In Crisis Planning, Emotion is Data

It stands to reason that social media would one day become a perfect vehicle for social and political action. Lately, we’re seeing more online activism in various forms–to fundraise, to organize, and, lately, to protest.

One of the most popular these days is someone calling himself “Leroy Stick,” better known as the force behind the BPGlobalPR Twitter feed. As of this writing, BPGlobalPR has north of 140,000 followers and is the top search result on Google for “BP Twitter.”

If you’re a brand manager, it’s tempting to write off BPGlobalPR–and the legions of fake logos it has spawned–as a distraction, an irritant, and an outlier.

But you’d be wrong.  This is the beginning of a trend–one that you cannot escape.

Like Dave Carroll’s “United Breaks Guitars” video, the BP spill taps into shared emotional experience, one of the most powerful forces around.

Emotion fuels groundswells, whether positive or negative. As we’ve seen many times in life as well as on the social web, a single entity can galvanize a movement–even provoke coordinated attack such as the one conducted a few months ago by Greenpeace on Nestle.

Now read the Leroy Stick post, and screen out the profanity and snark, if they distract you. What you are left with is a sense of sadness and deep, deep outrage.

“This isn’t just your disaster,” he says.  “This is a human tragedy.  Allow us to mourn so that we can stop being angry.”

That sentence contains the blueprint for understanding the nature of an online crisis, whether it is born from or merely accelerated by social media. The key here is not to shy from or discount the emotion, but to seek to understand and address it.

So what can you do to prepare for–if not prevent–a crisis from spiraling out of control on the social web? Here are a few immediate steps:

Before a Crisis Happens

  1. Monitor. You must have a pulse on your community at all times. You can no longer afford to fly blind. Invest now in a social monitoring tool, train your staff and pay attention to what your community is telling you.
  2. Switch perspectives. As in any explosion, the only way to diagnose what really happened is to know what kind of fuel you’re dealing with. Put yourself in your customers’ shoes.  How would you feel if the roles were reversed and you were the customer?
  3. Remember that emotion is data. This is not to be callous, but to understand. If you are seeing 62% negative sentiment on a crisis, you need to know what’s driving it, how intense it is, and whether it’s increasing or decreasing.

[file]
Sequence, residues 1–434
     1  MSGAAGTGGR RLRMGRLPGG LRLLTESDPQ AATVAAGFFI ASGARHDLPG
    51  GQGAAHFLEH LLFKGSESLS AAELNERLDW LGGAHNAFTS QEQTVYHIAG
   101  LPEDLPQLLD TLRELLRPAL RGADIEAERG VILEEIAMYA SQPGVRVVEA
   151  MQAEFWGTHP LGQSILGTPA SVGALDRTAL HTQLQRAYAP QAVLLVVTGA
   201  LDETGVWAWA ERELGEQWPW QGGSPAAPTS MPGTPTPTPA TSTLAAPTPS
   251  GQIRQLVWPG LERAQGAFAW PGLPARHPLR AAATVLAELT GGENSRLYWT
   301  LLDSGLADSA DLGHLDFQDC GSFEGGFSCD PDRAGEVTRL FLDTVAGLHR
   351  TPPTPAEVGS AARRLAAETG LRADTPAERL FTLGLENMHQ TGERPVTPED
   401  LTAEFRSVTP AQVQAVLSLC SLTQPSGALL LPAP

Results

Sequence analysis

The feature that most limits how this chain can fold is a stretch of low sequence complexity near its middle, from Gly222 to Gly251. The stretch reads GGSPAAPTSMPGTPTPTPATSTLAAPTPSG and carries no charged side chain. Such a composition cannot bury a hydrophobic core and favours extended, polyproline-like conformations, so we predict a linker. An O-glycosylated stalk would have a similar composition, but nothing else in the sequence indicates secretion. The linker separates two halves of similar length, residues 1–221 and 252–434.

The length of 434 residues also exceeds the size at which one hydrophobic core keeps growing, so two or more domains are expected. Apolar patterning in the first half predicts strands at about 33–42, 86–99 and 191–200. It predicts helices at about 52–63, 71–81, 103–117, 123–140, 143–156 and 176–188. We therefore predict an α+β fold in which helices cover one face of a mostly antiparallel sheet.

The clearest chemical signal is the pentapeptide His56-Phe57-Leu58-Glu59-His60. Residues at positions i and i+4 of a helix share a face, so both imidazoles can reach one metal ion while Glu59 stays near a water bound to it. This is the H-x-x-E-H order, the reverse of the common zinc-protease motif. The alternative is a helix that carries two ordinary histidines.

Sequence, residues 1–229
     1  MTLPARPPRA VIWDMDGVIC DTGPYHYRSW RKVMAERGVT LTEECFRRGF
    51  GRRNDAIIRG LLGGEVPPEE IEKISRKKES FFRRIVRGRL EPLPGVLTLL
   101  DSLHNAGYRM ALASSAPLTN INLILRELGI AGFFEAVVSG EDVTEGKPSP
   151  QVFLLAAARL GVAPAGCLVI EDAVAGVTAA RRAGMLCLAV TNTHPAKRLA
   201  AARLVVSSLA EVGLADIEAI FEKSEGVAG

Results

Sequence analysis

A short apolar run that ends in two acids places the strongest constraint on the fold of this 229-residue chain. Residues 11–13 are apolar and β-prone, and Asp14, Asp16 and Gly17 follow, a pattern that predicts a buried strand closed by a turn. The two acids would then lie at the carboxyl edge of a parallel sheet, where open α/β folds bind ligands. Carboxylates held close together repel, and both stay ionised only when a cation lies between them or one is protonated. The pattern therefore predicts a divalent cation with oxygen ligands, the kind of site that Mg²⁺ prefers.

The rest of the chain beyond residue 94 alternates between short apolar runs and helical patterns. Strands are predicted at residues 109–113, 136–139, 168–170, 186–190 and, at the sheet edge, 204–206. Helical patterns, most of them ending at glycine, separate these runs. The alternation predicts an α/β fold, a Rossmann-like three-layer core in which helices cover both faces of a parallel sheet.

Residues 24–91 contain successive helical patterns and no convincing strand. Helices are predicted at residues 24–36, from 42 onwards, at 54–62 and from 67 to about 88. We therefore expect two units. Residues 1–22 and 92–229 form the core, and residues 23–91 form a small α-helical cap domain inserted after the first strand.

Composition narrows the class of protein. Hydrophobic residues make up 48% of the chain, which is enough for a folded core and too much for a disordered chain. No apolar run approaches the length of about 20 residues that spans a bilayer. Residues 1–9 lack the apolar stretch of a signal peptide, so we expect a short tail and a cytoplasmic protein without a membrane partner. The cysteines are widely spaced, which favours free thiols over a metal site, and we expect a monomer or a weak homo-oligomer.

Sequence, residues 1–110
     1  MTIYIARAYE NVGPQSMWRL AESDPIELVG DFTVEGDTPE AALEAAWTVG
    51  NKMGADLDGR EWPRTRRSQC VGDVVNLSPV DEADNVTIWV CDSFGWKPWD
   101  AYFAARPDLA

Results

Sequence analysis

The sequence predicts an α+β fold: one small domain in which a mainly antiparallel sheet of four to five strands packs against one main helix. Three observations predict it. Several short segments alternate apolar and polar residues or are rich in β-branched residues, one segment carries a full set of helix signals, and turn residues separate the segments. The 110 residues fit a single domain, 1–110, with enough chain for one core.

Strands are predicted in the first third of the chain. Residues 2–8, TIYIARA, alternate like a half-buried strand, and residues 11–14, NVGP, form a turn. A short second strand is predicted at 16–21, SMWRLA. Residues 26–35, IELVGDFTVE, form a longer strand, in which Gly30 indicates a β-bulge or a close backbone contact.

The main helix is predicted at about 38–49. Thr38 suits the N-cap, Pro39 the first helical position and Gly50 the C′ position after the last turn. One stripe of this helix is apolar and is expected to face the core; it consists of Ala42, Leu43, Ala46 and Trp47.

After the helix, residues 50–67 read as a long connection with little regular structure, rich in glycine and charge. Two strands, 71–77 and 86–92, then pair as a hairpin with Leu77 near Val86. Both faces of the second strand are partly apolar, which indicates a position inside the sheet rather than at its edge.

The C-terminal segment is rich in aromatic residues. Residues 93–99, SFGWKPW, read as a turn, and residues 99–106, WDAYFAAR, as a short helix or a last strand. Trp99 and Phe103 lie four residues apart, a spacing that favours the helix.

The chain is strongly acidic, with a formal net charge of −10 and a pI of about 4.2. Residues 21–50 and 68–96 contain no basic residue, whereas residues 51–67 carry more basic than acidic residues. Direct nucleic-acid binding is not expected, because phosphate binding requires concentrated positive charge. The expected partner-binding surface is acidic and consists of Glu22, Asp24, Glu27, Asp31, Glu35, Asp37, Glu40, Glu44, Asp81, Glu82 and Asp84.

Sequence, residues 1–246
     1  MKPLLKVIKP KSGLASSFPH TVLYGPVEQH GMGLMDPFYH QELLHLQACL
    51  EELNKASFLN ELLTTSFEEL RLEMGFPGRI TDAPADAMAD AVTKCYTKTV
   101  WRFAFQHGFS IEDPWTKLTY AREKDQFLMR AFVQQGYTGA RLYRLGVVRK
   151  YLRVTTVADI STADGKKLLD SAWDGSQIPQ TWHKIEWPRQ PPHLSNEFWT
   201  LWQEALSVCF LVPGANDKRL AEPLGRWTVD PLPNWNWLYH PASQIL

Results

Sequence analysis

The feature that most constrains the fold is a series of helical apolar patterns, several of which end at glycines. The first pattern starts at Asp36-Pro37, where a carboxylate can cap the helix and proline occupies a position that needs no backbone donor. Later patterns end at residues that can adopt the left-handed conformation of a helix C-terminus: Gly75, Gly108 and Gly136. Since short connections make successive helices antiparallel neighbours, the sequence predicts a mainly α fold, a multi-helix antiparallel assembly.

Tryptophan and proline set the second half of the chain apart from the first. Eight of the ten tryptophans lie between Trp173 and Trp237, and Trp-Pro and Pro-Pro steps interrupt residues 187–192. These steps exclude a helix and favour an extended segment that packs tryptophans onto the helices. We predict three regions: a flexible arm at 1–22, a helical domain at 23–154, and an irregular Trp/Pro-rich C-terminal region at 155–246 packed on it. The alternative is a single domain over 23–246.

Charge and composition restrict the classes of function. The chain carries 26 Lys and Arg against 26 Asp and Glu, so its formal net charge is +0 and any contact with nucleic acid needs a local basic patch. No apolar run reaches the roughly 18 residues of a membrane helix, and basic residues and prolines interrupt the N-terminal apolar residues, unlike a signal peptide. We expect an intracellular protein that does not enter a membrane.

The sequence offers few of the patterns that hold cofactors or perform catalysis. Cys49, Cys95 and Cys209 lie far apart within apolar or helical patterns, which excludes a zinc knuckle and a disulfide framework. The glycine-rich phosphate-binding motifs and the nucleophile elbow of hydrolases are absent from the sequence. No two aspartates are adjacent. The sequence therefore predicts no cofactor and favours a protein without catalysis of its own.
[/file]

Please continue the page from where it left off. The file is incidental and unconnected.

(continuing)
4. Plan. Have a comprehensive, cross-functional crisis plan in place. When emotions are high, you cannot run by the seat of your pants or depend on a returned email or voice mail to tell you what to do next.  This means scenario planning: with legal, product development, customer service–all the groups that could potentially be involved in the event of a crisis.  It is a dead certainty that some or all of these recommendations will conflict with what your legal department recommends. This does not have to be a barrier, but it is a negotiation.  That’s why it’s essential that you work out your rules of engagement before a crisis occurs.

When a Crisis Occurs:

  1. Get help.  Talk to people who have been there before, especially within the last year.
  2. Understand and respect your community’s reaction. Communication must be timely, clear, and respectful. No spin. You cannot expect people to cut you slack for information that, for the sake of complexity or for legal reasons, you cannot fully explain, but you can try to educate them.  Look at what Digg and Toyota did to educate consumers about the Toyota recall.
  3. Influence, not control. You cannot control the flow of information on the social web.  Attempts to do so will inevitably surface and reflect poorly on your brand.  Of course there will be sensitive issues you cannot disclose. Having a clear boundary around what you can and can’t share is paramount.
  4. Be consistent. Don’t disappear if you don’t know what to say. Stay engaged, even if you cannot share much.

I’m beginning research for an upcoming report on crisis on the social web. If you have feedback, case studies or stories to share, please leave a comment, or email me at [susan] [at] altimetergroup [dot] com.

Additional resources:

Jeremiah’s post on the Nestle crisis

Charlene Li, Open Leadership, Chapter 9, “The Failure Imperative.”

About susanetlinger

Industry Analyst at Altimeter Group
This entry was posted in Crisis and tagged , , , , , , , , , . Bookmark the permalink.

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